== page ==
Despite painful lessons from Europe, integration should generate more opportunities than risks to East Asian countries if they are pursuing growth to spur domestic economies, agreed panellists at World Economic Forum on East Asia 2012.
During the opening plenary on May 31 on “East Asian Models for Transforming the Global Economy”, Gerard Mestrallet, chairman and executive officer of GDF Suez and co-chair of the forum, noted that even in Europe, the integration has helped sustain peace in the region for 50 years. Even when fiscal rules disrupt the process, he foresees deeper integration rather than disintegration.
Eswar Prasad, professor at Cornell University, noted that for a single currency, a better institution is necessary to ensure smooth integration. For Asean, integration is still an answer.
“The integration will not only draw capital but also strengthen domestic resilience,” he said, adding that these countries may not strengthen integration for capital, but they still need to deal with what comes with the capital.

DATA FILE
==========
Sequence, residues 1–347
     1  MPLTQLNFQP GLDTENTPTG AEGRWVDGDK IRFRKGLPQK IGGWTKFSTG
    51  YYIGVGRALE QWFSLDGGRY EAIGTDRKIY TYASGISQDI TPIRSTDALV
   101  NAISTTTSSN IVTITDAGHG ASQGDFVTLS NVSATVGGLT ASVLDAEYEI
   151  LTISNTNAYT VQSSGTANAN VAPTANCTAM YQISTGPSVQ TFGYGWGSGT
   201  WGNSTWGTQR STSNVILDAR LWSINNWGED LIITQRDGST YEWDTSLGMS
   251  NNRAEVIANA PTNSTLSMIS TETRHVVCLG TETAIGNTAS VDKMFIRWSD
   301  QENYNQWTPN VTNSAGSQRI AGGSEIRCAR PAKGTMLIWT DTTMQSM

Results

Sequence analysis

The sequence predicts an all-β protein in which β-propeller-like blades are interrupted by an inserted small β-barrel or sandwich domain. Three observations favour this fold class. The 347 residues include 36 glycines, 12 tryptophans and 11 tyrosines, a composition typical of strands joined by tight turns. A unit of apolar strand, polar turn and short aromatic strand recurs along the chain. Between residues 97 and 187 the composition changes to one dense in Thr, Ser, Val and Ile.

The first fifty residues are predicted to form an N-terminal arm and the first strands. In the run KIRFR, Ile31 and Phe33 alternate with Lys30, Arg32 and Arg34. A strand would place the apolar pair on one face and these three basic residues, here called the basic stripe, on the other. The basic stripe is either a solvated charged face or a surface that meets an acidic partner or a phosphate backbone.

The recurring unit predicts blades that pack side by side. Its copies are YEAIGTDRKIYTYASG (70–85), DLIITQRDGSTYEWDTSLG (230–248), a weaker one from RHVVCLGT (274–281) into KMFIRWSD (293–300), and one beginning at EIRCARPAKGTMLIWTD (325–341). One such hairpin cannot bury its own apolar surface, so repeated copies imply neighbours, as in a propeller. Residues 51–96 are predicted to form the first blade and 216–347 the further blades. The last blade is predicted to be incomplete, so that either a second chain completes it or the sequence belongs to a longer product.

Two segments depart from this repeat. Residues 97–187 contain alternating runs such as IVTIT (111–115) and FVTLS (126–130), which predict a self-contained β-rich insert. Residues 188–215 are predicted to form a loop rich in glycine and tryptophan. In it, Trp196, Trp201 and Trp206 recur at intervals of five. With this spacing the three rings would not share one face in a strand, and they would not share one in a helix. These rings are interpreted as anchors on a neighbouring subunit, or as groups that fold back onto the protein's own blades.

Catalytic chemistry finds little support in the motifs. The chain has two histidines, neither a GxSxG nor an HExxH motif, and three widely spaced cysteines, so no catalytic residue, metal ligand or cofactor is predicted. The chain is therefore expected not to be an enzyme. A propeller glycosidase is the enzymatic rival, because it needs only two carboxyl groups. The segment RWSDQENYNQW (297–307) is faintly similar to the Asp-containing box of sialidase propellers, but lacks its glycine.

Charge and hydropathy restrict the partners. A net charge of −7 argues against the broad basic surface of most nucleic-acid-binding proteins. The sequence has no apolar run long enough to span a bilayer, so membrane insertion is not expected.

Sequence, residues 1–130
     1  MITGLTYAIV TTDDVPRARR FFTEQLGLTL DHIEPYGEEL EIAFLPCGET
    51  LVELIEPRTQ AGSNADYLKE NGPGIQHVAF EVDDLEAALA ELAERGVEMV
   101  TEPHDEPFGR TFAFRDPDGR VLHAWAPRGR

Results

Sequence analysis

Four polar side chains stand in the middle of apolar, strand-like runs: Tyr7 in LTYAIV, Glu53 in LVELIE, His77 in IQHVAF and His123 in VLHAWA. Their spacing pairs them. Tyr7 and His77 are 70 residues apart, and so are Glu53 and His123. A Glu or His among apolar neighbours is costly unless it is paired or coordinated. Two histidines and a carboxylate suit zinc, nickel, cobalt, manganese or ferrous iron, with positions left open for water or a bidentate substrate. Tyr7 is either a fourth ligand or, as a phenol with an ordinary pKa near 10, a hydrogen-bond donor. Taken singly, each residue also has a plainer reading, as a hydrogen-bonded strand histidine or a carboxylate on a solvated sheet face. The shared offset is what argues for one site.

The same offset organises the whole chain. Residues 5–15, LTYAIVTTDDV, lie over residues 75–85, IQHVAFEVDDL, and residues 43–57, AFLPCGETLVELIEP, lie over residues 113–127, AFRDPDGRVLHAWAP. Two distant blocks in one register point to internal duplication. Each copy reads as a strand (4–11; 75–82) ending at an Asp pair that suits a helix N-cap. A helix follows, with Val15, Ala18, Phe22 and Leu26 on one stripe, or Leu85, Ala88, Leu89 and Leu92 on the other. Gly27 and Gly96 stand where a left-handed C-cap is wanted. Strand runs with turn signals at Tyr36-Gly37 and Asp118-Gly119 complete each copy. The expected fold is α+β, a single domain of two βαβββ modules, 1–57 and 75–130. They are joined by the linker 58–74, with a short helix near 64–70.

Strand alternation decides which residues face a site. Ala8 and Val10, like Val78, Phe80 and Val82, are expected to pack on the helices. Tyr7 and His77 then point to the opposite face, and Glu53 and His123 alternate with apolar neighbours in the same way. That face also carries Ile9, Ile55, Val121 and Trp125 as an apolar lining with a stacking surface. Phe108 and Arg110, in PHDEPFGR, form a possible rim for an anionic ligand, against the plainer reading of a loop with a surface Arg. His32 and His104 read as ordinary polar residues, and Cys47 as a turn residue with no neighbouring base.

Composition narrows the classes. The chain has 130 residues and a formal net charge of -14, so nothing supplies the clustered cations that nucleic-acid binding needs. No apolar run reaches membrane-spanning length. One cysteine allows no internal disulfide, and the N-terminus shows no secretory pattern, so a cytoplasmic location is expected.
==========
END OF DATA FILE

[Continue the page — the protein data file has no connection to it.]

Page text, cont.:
Indonesia’s Trade Ministr Gita Wirjawan wished Europe show decisiveness like what Asian countries demonstrated during the 1998-1999 following the financial crisis. He also raised doubt whether the situation would be the same if the International Monetary Fund (IMF) is led by an Asian chief.
“We need a stronger Europe. We fear its weaknesses less than we fear its strengths,” he said.
Thailand’s Deputy Prime Minister and Finance Minister Kittiratt Na-Ranong added that integration will strengthen Asean as a whole, “but we’d not go as far as a single currency”.
While lauding the strengths of Asean nations, the panellists expressed grave concerns over the widespread corruption in the region.